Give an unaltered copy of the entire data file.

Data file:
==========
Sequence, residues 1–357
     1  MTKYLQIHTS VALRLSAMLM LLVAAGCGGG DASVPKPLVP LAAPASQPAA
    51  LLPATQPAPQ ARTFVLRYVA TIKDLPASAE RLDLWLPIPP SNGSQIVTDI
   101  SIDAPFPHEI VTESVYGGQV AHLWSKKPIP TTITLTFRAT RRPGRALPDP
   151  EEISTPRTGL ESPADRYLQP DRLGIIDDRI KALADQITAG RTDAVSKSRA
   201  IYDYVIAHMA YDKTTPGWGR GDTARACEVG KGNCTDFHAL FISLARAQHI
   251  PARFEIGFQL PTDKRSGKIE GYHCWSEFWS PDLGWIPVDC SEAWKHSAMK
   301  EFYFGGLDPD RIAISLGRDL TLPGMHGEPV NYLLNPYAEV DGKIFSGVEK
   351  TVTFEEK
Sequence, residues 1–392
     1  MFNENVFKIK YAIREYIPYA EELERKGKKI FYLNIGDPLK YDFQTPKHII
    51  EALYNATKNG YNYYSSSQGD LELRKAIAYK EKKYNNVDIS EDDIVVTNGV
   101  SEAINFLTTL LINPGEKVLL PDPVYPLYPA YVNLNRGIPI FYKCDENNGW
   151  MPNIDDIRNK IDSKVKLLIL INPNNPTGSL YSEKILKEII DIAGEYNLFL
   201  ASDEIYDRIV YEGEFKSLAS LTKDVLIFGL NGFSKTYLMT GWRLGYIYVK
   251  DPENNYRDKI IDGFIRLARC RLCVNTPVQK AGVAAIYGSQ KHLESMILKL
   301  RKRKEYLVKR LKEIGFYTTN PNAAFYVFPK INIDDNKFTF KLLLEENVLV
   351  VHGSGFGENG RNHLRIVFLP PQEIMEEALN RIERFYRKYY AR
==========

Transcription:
Sequence, residues 1–357
     1  MTKYLQIHTS VALRLSAMLM LLVAAGCGGG DASVPKPLVP LAAPASQPAA
    51  LLPATQPAPQ ARTFVLRYVA TIKDLPASAE RLDLWLPIPP SNGSQIVTDI
   101  SIDAPFPHEI VTESVYGGQV AHLWSKKPIP TTITLTFRAT RRPGRALPDP
   151  EEISTPRTGL ESPADRYLQP DRLGIIDDRI KALADQITAG RTDAVSKSRA
   201  IYDYVIAHMA YDKTTPGWGR GDTARACEVG KGNCTDFHAL FISLARAQHI
   251  PARFEIGFQL PTDKRSGKIE GYHCWSEFWS PDLGWIPVDC SEAWKHSAMK
   301  EFYFGGLDPD RIAISLGRDL TLPGMHGEPV NYLLNPYAEV DGKIFSGVEK
   351  TVTFEEK
Sequence, residues 1–392
     1  MFNENVFKIK YAIREYIPYA EELERKGKKI FYLNIGDPLK YDFQTPKHII
    51  EALYNATKNG YNYYSSSQGD LELRKAIAYK EKKYNNVDIS EDDIVVTNGV
   101  SEAINFLTTL LINPGEKVLL PDPVYPLYPA YVNLNRGIPI FYKCDENNGW
   151  MPNIDDIRNK IDSKVKLLIL INPNNPTGSL YSEKILKEII DIAGEYNLFL
   201  ASDEIYDRIV YEGEFKSLAS LTKDVLIFGL NGFSKTYLMT GWRLGYIYVK
   251  DPENNYRDKI IDGFIRLARC RLCVNTPVQK AGVAAIYGSQ KHLESMILKL
   301  RKRKEYLVKR LKEIGFYTTN PNAAFYVFPK INIDDNKFTF KLLLEENVLV
   351  VHGSGFGENG RNHLRIVFLP PQEIMEEALN RIERFYRKYY AR